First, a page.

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Online Merchants Face Logistics Challenges—Record Holiday Sales Or Not

Of the record $17.8 billion in sales generated by independent US retailers and restaurants on “Small Business Saturday” earlier this holiday shopping season, 41% came from online buyers, a 17% increase over last year. But the dark side of these ecommerce surges is that many small and midsize businesses aren’t equipped to handle them.


“A lot of companies selling online are actually losing money,” notes Diego Pantoja-Navajas, Oracle vice president of product development. That’s because those companies are incurring “net shipping losses”—they’re paying more money to ship customer orders than they receive in shipping revenue, Pantoja-Navajas says.

Even the biggest of the big are concerned. For example,, which spent $21.7 billion on shipping last year, warned in its 2017 annual report that if it doesn’t get its fulfillment operations right, its business could be harmed.

While most SMBs won’t spend billions of dollars on logistics, “even a tiny fraction of those costs could ruin a small business, especially if it’s not managing those operations with the right technology,” notes Oracle senior product strategist Bob Meixner.

To ring in the New Year on a more positive note, small and midsize merchants should consider cloud-based commerce and supply chain platforms that help with these three critical logistics capabilities, according to the Oracle executives:

1. Build the cost of free/discount and fast shipping services into their pricing models.

Consumer and business customers, especially retail buyers, expect to buy from anywhere and return anywhere. But if a company’s so-called omnichannel commerce platform can’t see what inventory is available at a store, warehouse, or delivery locker, or it’s unable to determine which of those locations is closest to a customer, then shipping costs can get out of control.

To protect their profit margins, “SMBs need a single, global view of their inventory, and they must also know exactly what it’s going to cost—and how long it’s going to take—to ship that inventory from a fulfillment center to a customer’s doorstep,” Meixner says.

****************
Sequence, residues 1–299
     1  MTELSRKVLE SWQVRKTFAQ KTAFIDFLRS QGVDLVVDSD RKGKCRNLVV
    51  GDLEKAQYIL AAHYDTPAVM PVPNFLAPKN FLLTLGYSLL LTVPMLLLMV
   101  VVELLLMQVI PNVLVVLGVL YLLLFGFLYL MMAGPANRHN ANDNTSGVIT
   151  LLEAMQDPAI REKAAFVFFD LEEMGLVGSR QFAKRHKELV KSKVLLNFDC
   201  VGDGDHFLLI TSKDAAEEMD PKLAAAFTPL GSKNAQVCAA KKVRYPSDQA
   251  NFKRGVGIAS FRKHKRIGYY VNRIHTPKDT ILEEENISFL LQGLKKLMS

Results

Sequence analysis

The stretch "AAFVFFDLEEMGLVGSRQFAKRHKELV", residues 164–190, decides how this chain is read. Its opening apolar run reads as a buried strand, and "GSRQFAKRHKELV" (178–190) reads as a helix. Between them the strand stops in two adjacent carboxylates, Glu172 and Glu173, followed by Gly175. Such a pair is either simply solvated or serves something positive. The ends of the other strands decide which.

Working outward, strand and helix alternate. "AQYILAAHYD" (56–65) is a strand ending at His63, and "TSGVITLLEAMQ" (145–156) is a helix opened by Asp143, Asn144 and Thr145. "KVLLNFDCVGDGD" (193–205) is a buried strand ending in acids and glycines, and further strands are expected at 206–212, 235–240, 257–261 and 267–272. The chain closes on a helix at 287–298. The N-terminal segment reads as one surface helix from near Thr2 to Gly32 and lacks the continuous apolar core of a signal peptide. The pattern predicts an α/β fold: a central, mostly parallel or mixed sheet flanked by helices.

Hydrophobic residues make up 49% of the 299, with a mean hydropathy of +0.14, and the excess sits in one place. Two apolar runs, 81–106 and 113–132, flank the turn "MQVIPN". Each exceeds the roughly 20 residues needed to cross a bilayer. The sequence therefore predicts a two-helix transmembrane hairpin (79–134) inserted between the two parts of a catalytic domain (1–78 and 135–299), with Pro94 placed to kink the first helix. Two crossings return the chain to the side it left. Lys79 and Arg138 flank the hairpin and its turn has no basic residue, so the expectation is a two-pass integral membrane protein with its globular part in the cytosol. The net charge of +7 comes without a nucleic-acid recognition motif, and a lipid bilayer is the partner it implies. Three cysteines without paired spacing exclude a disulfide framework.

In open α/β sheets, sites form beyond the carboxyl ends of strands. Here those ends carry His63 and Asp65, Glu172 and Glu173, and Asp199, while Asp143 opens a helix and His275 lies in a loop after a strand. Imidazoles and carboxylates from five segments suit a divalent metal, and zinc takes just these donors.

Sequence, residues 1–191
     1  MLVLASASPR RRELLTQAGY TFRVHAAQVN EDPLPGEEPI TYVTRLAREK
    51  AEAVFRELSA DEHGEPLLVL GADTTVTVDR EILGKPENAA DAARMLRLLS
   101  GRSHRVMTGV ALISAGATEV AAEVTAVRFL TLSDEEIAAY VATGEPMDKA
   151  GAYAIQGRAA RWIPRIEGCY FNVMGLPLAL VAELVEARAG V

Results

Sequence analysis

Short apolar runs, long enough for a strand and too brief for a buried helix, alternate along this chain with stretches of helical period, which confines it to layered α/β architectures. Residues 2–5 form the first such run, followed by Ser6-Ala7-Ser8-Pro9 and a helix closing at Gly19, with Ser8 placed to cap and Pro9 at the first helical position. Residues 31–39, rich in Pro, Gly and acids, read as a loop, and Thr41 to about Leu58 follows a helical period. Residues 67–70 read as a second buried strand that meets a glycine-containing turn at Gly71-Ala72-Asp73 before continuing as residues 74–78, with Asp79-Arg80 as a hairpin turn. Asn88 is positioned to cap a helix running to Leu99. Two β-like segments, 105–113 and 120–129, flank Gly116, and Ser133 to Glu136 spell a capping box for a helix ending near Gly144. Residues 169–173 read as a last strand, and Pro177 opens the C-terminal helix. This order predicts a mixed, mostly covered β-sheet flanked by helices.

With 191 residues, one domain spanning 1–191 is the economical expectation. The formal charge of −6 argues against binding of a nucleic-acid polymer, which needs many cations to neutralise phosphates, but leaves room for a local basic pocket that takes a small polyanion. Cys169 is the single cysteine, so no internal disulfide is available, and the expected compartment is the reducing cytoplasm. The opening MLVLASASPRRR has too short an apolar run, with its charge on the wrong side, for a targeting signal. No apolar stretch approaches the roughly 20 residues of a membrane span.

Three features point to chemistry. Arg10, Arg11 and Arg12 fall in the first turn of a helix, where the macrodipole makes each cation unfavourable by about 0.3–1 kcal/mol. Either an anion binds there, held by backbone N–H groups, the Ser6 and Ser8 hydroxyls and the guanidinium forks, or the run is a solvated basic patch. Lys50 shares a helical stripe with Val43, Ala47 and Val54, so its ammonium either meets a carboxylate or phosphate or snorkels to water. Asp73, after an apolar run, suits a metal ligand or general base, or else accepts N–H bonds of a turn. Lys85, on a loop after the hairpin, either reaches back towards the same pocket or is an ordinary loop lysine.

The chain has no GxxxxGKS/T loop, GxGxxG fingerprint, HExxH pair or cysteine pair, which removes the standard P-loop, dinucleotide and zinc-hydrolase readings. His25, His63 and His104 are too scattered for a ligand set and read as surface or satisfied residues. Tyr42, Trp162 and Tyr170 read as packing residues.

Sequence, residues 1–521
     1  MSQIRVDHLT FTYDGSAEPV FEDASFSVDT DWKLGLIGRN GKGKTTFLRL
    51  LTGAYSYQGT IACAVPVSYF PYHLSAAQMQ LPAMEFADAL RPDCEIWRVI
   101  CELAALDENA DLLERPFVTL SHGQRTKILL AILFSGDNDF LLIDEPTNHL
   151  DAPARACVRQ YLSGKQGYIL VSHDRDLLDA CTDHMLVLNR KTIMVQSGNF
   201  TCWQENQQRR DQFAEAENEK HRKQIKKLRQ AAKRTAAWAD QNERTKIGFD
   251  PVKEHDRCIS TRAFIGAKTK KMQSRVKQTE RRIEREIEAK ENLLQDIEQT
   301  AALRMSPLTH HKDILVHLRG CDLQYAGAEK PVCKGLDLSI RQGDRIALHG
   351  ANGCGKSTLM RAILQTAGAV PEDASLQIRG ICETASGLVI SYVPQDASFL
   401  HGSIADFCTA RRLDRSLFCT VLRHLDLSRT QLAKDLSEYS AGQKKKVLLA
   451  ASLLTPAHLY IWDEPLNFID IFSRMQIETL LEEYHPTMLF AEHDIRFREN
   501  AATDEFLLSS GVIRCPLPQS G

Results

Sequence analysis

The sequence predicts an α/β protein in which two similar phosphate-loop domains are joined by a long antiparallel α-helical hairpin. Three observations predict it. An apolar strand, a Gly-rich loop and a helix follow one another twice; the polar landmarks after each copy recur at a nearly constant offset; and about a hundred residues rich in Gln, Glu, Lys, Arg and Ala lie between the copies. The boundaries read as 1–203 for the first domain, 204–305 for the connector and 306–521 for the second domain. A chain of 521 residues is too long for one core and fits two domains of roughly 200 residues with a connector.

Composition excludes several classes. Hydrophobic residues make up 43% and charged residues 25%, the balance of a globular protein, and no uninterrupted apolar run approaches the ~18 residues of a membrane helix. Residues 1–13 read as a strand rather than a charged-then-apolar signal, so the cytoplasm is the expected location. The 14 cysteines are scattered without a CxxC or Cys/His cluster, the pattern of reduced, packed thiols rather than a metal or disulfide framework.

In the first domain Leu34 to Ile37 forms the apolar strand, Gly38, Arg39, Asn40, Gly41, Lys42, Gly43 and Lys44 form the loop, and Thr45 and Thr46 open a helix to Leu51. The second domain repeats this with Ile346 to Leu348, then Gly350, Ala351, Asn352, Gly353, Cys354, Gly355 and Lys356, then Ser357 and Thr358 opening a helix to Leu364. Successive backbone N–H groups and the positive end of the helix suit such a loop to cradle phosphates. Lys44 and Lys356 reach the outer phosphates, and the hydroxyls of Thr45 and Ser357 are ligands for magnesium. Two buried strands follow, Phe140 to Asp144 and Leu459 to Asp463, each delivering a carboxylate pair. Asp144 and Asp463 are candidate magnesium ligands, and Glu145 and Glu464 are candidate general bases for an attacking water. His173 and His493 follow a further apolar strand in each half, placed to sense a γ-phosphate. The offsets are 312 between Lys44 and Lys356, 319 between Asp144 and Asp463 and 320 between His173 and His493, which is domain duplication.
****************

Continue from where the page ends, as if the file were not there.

For example, if a customer in Kansas orders a pair of women’s farm boots online, an ecommerce platform linked to the merchant’s supply chain applications should recommend that the customer pay a premium if she wants the boots shipped the next day from a warehouse in Pennsylvania. The system could also offer the customer same-day pickup without having to pay any shipping fees, if she agrees to pick up the boots at a store near her home that carries the inventory.

2. Make every mile matter.

“Too many companies center their logistics operations on the last mile of delivery,” Pantoja-Navajas says, describing the final leg of transporting a finished product from a courier to a customer. But having the right technology to recommend how products should get from a retailer or manufacturer to a courier—what is known as “first-mile” logistics—can be a huge cost advantage in the long run, he says.

To build low-cost, first-mile capabilities, Pantoja-Navajas suggests SMBs first analyze their customer and supply chain data to understand which combination of products, prices, services, and demographics are going to help them grow their businesses the most. SMBs then need to set up their warehouses, as well as partner with logistics companies, with the locations of those customers in mind. By doing so, “SMBs will be able to offer faster shipping speeds and lower prices than their competitors,” he says.

3. Combine the Internet of Things and artificial intelligence to predict the best course of action.

The Internet of Things, with its wireless sensors, beacons, tags, and mobile devices, can help companies of all sizes not only monitor in-transit vehicles, on-hand inventories, and warehouse capacity, but also use that insight to plan deliveries, prevent spoilage of perishable goods, and locate hard-to-find items.

And by pairing IoT devices with artificial intelligence algorithms, companies can analyze supply chain events, model desired fulfillment scenarios—and then predict the best courses of action.

For example, if a supplier can’t deliver enough raw materials in time to fulfill a customer’s order, an AI algorithm can recommend other suppliers with that capacity.

Or say a driver is heading cross-state with a truckload of premium cotton sheets for a hotel chain, but he gets stuck in gridlock traffic 500 miles from the destination. To meet the company’s same-day delivery promise, “an algorithm can immediately scan all of the company’s inventory locations, rerun a fulfillment model for the customer, and then reroute a new truck from another warehouse that stocks those sheets and can deliver the order on time,” Pantoja-Navajas says.

“Artificial intelligence is what makes that possible,” he says. “IoT without artificial intelligence is like having a Ferrari that only goes into second gear.”

While most big retailers have invested huge sums of money in such sophisticated fulfillment systems, even the smallest companies now have access to those capabilities in the form of cloud applications. “Future growth won’t come from big fish eating little fish,” Pantoja-Navajas says. “It’ll come from fast fish using the right technology to help them define, capture, and expand their own markets.”